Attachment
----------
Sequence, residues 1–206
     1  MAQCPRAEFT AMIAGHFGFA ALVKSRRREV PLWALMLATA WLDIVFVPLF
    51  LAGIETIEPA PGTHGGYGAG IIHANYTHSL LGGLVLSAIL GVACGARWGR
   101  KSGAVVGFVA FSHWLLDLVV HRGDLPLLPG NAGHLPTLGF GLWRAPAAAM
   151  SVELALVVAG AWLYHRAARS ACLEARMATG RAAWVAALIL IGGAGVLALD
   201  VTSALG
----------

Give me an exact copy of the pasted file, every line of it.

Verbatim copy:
Sequence, residues 1–206
     1  MAQCPRAEFT AMIAGHFGFA ALVKSRRREV PLWALMLATA WLDIVFVPLF
    51  LAGIETIEPA PGTHGGYGAG IIHANYTHSL LGGLVLSAIL GVACGARWGR
   101  KSGAVVGFVA FSHWLLDLVV HRGDLPLLPG NAGHLPTLGF GLWRAPAAAM
   151  SVELALVVAG AWLYHRAARS ACLEARMATG RAAWVAALIL IGGAGVLALD
   201  VTSALG